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Reviews of silent film releases on home video.
Copyright © 1999-2015 by Carl Bennett
and the Silent Era Company.
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Daughter of
the Night

(1920)

 

This romantic espionage drama, originally a two-part German feature production, was edited down for USA release. Best known for the prominent appearance of a young Bela Lugosi, this tale of love and political intrigue is full of unscrupleless baddies and features a lovely Lee Parry.

Sinister Cinema
2005 DVD edition

Daughter of the Night (1920), black & white, 55 minutes, not rated.

Sinister Cinema, ST44D, no UPC number.
Full-frame 4:3 NTSC, one single-sided, single-layered DVD-R disc, Region 0, ? Mbps average video bit rate, ? kbps audio bit rate, Dolby Digital? 2.0 mono sound, English language intertitles, no foreign language subtitles, 11 chapter stops, standard DVD keepcase, $16.95.
DVD release date: 2005.
Country of origin: USA

Ratings (1-10): video: 5 / audio: 5 / additional content: 3 / overall: 5.

This budget edition, originally prepared for VHS in 1997, has been mastered from a good to very-good 16mm reduction print of the USA release version. The video transfer is relatively in focus in the center of the picture but blurs slightly toward the left frame edges — something that is most apparent in the intertitles. The slightly-faster-than-natural-speed video transfer is a bit contrasty, with some loss of image detail in highlights and shadows, but nevertheless holds reasonable image detail throughout the middle ranges of graytones. Tre transfer is a little darker in the last half of the film. Due to the framing of the source reduction print and/or the video transfer, the left edge of some intertitles will be cropped off when viewed on some monitors. Occasionally a little “SC” logo appears in the lower right-hand corner of the picture in an attempt to discourage transfer poachers (see below).

The presentation features a serviceable music score that has been pieced together from existing film soundtrack recordings.

The disc is supplemented with a theatrical trailer for Robot Monster (1953).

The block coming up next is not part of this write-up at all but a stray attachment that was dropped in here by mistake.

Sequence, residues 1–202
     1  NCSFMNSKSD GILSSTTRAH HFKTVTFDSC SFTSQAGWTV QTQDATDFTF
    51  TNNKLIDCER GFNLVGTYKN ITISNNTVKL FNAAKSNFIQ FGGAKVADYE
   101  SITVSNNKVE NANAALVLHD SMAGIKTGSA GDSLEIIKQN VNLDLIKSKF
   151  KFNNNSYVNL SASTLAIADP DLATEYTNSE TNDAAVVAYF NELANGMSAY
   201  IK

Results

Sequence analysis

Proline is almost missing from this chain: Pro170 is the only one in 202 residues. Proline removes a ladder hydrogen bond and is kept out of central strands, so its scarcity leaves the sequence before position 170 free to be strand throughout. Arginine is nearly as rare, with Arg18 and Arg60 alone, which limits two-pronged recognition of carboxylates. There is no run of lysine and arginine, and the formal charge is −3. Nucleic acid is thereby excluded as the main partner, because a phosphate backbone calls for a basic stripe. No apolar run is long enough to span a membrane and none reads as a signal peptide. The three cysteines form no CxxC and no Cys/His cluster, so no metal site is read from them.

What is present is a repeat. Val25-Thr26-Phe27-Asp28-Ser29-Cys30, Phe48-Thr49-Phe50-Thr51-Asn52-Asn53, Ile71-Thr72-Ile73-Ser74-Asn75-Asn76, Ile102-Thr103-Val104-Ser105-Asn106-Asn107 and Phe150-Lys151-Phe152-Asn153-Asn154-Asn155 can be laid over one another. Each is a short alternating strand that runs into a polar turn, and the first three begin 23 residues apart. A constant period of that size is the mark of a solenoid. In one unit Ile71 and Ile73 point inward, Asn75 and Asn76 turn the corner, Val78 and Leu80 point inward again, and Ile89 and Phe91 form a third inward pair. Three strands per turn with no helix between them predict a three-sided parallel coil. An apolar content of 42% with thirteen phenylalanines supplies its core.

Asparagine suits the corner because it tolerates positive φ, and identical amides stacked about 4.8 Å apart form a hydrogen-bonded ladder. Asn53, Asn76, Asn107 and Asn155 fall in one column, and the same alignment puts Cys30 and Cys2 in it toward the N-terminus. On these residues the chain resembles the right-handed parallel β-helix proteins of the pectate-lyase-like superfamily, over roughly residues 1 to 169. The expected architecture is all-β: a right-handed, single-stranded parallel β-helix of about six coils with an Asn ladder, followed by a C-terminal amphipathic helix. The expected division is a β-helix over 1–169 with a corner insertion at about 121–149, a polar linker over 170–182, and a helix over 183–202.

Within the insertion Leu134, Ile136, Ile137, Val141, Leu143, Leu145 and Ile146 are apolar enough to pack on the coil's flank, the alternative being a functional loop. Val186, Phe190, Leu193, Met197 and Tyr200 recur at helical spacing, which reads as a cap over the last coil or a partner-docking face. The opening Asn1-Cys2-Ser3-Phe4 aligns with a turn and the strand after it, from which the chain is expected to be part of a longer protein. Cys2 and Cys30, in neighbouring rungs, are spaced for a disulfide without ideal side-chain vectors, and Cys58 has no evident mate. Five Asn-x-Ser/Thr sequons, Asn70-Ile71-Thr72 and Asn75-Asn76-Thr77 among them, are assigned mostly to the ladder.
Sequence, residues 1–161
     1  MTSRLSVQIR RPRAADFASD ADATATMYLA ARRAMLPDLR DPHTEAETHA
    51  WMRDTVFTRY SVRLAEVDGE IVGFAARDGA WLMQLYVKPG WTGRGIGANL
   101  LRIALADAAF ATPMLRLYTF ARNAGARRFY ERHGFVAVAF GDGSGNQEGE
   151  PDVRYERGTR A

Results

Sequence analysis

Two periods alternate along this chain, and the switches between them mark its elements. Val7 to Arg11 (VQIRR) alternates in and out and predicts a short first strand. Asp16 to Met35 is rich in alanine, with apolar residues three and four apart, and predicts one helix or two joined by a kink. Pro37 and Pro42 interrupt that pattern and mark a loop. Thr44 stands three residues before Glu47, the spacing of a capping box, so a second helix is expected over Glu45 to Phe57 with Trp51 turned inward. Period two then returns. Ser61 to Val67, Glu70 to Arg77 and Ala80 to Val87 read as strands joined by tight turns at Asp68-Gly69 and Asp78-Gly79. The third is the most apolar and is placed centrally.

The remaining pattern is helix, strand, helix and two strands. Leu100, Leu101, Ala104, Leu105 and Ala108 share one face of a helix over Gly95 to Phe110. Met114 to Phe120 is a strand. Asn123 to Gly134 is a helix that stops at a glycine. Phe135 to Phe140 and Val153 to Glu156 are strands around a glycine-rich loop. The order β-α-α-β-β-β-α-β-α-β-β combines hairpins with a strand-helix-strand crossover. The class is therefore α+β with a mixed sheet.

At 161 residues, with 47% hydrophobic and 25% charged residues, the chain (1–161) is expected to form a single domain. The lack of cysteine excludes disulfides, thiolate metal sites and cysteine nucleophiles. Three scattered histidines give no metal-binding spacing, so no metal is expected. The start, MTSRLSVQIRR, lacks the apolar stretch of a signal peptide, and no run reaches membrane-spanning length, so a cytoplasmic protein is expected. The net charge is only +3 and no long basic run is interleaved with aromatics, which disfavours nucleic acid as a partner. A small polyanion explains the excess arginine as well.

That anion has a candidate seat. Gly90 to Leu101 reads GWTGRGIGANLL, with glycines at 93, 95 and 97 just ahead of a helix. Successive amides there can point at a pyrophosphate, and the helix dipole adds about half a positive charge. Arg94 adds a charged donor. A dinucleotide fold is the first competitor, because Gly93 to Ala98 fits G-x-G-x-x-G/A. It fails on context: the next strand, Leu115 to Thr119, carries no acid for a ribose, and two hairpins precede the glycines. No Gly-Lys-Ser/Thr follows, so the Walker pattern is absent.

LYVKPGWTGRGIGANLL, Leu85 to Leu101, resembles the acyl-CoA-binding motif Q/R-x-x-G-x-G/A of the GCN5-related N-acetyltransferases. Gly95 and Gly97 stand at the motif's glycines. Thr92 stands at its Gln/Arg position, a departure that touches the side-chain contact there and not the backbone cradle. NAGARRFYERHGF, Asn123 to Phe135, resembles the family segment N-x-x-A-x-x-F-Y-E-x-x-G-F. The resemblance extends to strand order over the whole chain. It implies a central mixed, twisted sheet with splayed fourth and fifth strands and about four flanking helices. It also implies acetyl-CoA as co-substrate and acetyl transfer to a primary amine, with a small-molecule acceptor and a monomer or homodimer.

While not great, this is still the best available edition of Daughter of the Night on home video.

 
This Region 0 NTSC DVD-R edition is available directly from SINISTER CINEMA.
Alpha Video
2008 DVD edition

Daughter of the Night (1920), black & white, 54 minutes, not rated.

Alpha Home Entertainment, ALP5635D, UPC 0-89218-56359-0.
Full-frame 4:3 NTSC, one single-sided, single-layered DVD disc, Region 0, ? Mbps average video bit rate, ? kbps audio bit rate, Dolby Digital 2.0 stereo sound, English language intertitles, no foreign language subtitles, 6 chapter stops, standard DVD keepcase, $7.98.
DVD release date: 28 October 2008.
Country of origin: USA

Ratings (1-10): video: 3 / audio: 7 / additional content: 2 / overall: 4.

This budget disc has been mastered from an older VHS videotape (always a guarantee of low resolution) with a substandard video transfer that is relatively in focus in the center of the picture but blurs slightly toward the left frame edges. We suspect that Alpha Home Entertainment staff nicked this transfer from a VHS copy of Sinister Cinema’s edition (noted above). While the source print, which appears to have been a 16mm reduction print, features a reasonable range of graytones, the presentation picture itself loses highlight details in a blast of smeary whites. New intertitles have been inserted, with digitally-added speckling to make them appear original to the print. Ridiculous. Also, the film does not run 83 minutes, as stated on the packaging, but rather a mere 54 minutes.

The presentation is accompanied by a music score by Skip Heller and Marc Kaplan performed on digital piano, which surprisingly is the best thing about the entire presentation.

The supplementary section includes Bela Luposi’s 27 July 1953 appearance on the You Asked for It television program (9 minutes). Poor quality.

This disc, a horrid viewing experience on HD systems, again reinforces our low opinion of budget disc producers who release product as cheaply as Scroogely possible, with little regard for quality nor the consumer. Why bother to add a custom music score and new intertitles when the video transfer itself is crap? Alpha Home Entertainment appears to be more concerned with turning over product than a new leaf.

 
USA: Click the logomark to purchase this Region 0 NTSC DVD edition from Amazon.com. Your purchase supports the Silent Era website.
 
Canada: Click the logomark to purchase this Region 0 NTSC DVD edition from Amazon.ca. Your purchase supports the Silent Era website.
 
United Kingdom: Click the logomark to purchase this Region 0 NTSC DVD edition from Amazon.co.uk. Your purchase supports Silent Era.
Other silent era BELA LUGOSI films available on home video.

Other GERMAN FILMS of the silent era available on home video.

 
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